Svendsen's more experienced team-mate, 36-year-old Ole Einar Bjoerndalen, bidding for his sixth Olympic gold, tied for second place with Sergey Novikov of Belarus.
The 24-year-old Svendsen, who took silver in the sprint, covered the course on a near-cloudless day on Whistler Mountain in 48.22.5, 9.5 seconds quicker than Bjoerndalen and Novikov.
Svendsen said the victory helped him erase memories of the pursuit, in which he finished a disappointing eighth. He tipped his hat to Bjoerndalen who took home his 10th Olympic medal.
"It makes up for the disappointment from the last race," Svendsen said. "I am very proud to be on this team."
Svendsen shot cleanly through the first three rounds and looked as if he would bring home the gold without a fight.
But he missed a target on the final set of shots, opening the door for Novikov who grabbed the lead briefly after shooting a clean program. But Novikov but was unable to capitalise and completed the course tied with Bjoerndalen.
"I wasn't thinking too much after my miss," Svendsen said. "I was just trying to race as hard as I could."
The Norwegians battled for the lead in the early stages but Bjoerndalen missed a shot while standing at the second round of shooting and fell behind.
He had a chance to take the lead after Svendsen's misfire but blew another standing shot during the final frame to take him out of gold-medal contention.
Bjoerndalen said he was not too proud to learn from his protege.
"Now that Emil is older I can learn a lot of tricks from him," said Bjoerndalen. "He was the best athlete today with a perfect performance."
Bjoerndalen, whom many believed had a chance to catch Bjoern Daehlie's Winter Games record of eight golds during the Vancouver Games, said he will continue the chase at the 2014 Olympics in Russia.
"I am going for Sochi," said Bjoerndalen, who finished a disappointing 17th in the sprint and seventh in the pursuit this week.
The capacity crowd at Whistler Olympic Park cheered wildly for Svendsen, who acknowledged the flag-waving crew on the podium by pumping his fists in the air.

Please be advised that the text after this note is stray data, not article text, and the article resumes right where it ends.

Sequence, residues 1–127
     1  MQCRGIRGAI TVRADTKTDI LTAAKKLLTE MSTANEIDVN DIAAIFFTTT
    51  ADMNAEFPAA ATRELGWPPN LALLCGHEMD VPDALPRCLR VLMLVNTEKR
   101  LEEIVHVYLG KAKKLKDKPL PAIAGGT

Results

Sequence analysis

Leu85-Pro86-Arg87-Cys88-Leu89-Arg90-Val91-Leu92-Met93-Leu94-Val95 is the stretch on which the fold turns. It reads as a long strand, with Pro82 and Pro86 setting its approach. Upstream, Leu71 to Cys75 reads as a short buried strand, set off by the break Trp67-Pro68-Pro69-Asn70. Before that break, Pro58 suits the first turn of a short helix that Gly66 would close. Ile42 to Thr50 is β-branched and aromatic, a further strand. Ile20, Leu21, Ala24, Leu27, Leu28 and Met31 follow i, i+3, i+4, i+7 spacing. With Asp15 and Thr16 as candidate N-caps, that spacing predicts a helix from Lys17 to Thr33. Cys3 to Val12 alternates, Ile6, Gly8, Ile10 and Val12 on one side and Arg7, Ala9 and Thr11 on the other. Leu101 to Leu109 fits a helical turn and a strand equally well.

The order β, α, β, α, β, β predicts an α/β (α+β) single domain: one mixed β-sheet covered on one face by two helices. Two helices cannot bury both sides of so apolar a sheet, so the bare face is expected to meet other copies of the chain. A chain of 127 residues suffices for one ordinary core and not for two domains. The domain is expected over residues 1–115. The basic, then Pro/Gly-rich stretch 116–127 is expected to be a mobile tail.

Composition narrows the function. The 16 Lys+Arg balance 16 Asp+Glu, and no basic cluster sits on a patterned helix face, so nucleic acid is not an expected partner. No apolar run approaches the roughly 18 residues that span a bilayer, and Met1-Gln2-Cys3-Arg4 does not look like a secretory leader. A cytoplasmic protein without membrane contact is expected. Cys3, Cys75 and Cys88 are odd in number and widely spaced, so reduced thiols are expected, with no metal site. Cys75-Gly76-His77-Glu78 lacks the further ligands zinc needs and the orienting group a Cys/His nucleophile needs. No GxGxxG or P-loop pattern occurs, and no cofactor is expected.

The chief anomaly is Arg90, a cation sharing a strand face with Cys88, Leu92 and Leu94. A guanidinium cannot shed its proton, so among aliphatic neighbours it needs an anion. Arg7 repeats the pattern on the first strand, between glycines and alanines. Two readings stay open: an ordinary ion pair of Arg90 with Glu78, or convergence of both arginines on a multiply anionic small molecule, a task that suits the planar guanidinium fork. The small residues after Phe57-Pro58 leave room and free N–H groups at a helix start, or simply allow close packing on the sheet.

Nikolay Kruglov shot perfectly but a loose screw in his rifle spoiled the marksman's bid for a medal.
The 28-year-old Russian was one of two from 88 starters with a 20 out of 20 on the shooting range and seemed en route to a fine performance until a screw on his rifle loosened.
Kruglov, who won silver in the relay during the 2006 Games, lost his balance and fell after tinkering with his rifle during a routine turn after the third shooting session.
"I was trying to fix this. So I crashed in the turn and I lost some time there. I am so frustrated."
Kruglov was only 48 seconds behind Svendsen after the third round of shooting and his clean final shooting round could have handed him the title.
"I have the feeling that I did not have the chance to prove myself," said Kruglov, who ended in 11th place more than two minutes off the pace. "I knew it was all over so I did not try too hard after that."
Bjorn Ferry of Sweden, who struck gold in the 12.5 km pursuit, finished 42nd and France's Vincent Jay, winner of the 10 km sprint, came home 60th.
Britain's Lee Jackson rounded off his campaign with 66th place, the Stockton-on-Tees soldier missed a total of four shots.
Jackson said: "It was tough, but my ski speed was good again. It was painful but fun. I have really enjoyed the last week and I can walk away happy."
Place of birth: Trondheim, Norway
Residence: Lillehammer, Norway
Previous major Olympic results:
Silver medallist, 2010 Winter Olympics, 10km sprint
Sixth place, 2006 Winter Olympics, 15km mass start
Gold medallist, 2009 World Championships, 4x7.5km relay
2x Gold medallist, 2008 World Championships, 20km individual, 15km mass start
Silver medallist, 2008 World Championships, 4x7.5km relay
Bronze medallist, 2007 World Championships, mixed 2x6 & 2x7.5km relay
Background: He enjoys cycling and his role model is Norwegian cross-country skier Borre Naess.